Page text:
Kuropaczewski Interview - Comments on Practice & Performance

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PeteJ
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Kuropaczewski Interview - Comments on Practice & Performance

Post by PeteJ » Sun Nov 26, 2017 9:35 am

In case anyone missed it there's some great comments on practice and performance in this article.

http://classicalguitarmagazine.com/luka ... 2f078ffc25

Carlos Castilla
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Re: Kuropaczewski Interview - Comments on Practice & Performance

Post by Carlos Castilla » Sun Nov 26, 2017 12:50 pm

Great article. He also has a couple of videos somewhere in the cloud showing exactly how he practices slowly. I believe the piece he uses as an example is the 4th movement of the Jose sonata. Great stuff.
However, slow practice is such a general idea. When a player tells you that the key is slow practice they are just giving you a tiny part of the information.
Here are some questions that need to be answered in order to make the most out of slow practice. The answers are my personal opinion and what I apply to my practice after doing my own research on the matter. Please take it with a grain of salt.
Q: Is it the same to apply slow practice to a slow piece than to a fast tempo piece?
A: No! If we try to go from point A to point B walking and then sprinting we will soon realize that different sets of muscles and processes apply to both situations. If the piece is fast, then what works at a slow tempo won't necessarily work at a fast tempo. That brings us to the next two questions:
Q: How do we practice slowly the movements and techniques that are meant to be performed fast?
A: That's were practicing small sections comes very handy. When we are just beginning to study a piece we might not be able to sight read it at regular tempo from the get go, but we can do that with small sections. It is easier to bring up to tempo (or close to it) a couple of bars with musical meaning than a full piece right from.the start. Once you experiment and find out what movements and techniques might work fast then you can emulate them at a slow speed.
A simple example to this is that at 40 BPM you can get away with playing a C major scale in first position quarter notes with your right hand pinky alone, but does that work at 140 BPM, 16th notes and doing a crescendo at the same time?
Q: How do we bring a piece up to tempo?
A: The continuity of the piece both in the mind and the technical execution need to be practiced separately.
When it comes to tempo, the idea is to push the tempo slightly over the aimed goal,so that the actual tempo feels comfortable and not rushed. This has to be done systematically so that it doesn't yield bad results.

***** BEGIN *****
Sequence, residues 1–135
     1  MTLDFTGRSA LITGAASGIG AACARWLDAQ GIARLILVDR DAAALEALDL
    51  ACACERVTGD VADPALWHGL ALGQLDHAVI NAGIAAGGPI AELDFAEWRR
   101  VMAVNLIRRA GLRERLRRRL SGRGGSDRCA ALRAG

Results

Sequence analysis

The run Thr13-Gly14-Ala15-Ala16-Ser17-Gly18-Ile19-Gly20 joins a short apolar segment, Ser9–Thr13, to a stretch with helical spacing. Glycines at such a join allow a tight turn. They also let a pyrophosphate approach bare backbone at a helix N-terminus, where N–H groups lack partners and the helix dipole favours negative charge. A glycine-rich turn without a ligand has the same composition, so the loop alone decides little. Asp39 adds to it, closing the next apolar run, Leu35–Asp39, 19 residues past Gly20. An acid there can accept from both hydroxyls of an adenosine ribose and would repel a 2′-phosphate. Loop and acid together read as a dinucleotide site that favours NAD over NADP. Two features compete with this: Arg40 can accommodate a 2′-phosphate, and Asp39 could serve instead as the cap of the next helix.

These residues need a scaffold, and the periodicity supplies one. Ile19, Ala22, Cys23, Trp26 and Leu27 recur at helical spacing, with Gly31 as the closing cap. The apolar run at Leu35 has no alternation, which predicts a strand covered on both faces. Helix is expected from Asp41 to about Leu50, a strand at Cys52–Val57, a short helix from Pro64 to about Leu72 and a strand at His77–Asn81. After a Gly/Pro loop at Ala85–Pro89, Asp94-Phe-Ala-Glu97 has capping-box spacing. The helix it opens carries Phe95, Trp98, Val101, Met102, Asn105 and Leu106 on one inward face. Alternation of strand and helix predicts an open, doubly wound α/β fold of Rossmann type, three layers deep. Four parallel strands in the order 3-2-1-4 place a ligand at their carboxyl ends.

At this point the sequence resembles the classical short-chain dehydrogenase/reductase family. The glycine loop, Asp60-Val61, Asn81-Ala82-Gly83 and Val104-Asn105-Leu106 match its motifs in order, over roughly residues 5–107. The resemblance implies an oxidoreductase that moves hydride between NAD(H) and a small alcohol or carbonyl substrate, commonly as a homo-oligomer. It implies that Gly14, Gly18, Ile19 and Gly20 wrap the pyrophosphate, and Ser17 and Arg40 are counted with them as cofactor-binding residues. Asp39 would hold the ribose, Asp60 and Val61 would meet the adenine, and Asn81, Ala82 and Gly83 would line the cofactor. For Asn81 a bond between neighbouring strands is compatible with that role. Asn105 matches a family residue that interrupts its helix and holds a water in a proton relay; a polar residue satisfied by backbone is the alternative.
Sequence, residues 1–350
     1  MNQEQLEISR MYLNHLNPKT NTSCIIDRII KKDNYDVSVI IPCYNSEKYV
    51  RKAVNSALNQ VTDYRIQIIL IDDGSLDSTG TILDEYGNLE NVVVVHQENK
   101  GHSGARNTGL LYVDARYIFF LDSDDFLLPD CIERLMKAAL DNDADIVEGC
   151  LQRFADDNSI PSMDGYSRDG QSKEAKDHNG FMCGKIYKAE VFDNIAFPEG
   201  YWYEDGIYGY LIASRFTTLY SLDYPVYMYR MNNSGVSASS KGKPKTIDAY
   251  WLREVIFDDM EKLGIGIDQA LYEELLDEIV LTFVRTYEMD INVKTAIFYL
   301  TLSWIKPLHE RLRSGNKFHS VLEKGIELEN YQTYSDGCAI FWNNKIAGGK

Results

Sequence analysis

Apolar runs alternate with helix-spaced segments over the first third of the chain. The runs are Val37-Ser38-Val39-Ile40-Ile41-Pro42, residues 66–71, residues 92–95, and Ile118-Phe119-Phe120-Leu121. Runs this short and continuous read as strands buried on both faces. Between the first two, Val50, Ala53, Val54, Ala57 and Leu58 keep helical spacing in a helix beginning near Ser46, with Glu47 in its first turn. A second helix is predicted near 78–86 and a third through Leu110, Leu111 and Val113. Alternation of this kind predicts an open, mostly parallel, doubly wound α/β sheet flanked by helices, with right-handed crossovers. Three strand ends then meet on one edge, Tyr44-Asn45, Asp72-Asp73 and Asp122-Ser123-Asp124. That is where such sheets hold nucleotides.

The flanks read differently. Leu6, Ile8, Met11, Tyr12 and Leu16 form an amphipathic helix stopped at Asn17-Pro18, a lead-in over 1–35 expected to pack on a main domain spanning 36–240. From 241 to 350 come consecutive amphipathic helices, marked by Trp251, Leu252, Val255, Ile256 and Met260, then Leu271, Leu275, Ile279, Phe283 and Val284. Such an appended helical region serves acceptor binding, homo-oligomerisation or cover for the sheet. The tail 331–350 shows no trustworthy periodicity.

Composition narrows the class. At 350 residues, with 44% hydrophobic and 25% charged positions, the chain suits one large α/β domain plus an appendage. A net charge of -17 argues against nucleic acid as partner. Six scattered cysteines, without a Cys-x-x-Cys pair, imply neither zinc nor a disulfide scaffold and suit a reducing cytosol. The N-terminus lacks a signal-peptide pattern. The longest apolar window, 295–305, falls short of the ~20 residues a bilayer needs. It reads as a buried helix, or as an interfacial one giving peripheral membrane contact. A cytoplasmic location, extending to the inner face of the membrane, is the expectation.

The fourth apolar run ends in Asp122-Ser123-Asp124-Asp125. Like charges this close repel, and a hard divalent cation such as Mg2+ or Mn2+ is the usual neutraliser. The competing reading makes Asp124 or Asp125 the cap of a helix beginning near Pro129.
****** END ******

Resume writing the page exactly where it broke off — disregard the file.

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franks59
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Re: Kuropaczewski Interview - Comments on Practice & Performance

Post by franks59 » Sun Nov 26, 2017 1:55 pm

Earlier this year when he was in Baltimore, Lukas held a masterclass with some of Manuel's students. When Lukas talked about slow practice, Manuel mentioned that Lukas used to tell him the speed at which he practiced was "glacial".

It has taken me a while to understand this slow practice thing, but I think I'm understanding it better, having seen some positive results lately.
I believe the point of slow practice, to the degree that Lukas mentions, is to:

1) know EXACTLY what motion(s) you need to practice
2) train until you obtain a degree of control of that motion that did not exist before, eliminating wasted motions
3) have that control firmly established until it is second nature

I've found that once it is second nature, speed comes naturally as it is just the same motion only less time in between.

I'm still struggling to incorporate this routinely into my practice as the desire to "play" overwhelms the desire to practice. On the one hand it is a lot easier and less stressful to concentrate on practicing because I'm not working the entire piece at once, but it is also stressful thinking that I'm NOT working the entire piece and it will take me forever to finish it.

I think the problem with amateurs like me, is that our technique is so lacking in so many areas, that if we took this approach literally, we would never finish a single piece. I believe these guys are advanced enough that the areas needing work is much smaller and they learn it much quicker due to their past experience with it. But I still think it has tremendous value for me and I hope to gradually incorporate more of it into my practice.

Frank

PeteJ
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Re: Kuropaczewski Interview - Comments on Practice & Performance

Post by PeteJ » Mon Nov 27, 2017 11:00 am

Long ago I used to slightly know the guitarist Chris Newman https://youtu.be/S1V98IJJfN8

He uses a metronome on a very slow tempo until he can easily nail the piece, then increases it one notch and starts again, and so on, never missing a stage until the piece/riff is up to tempo. The result being blistering speed.

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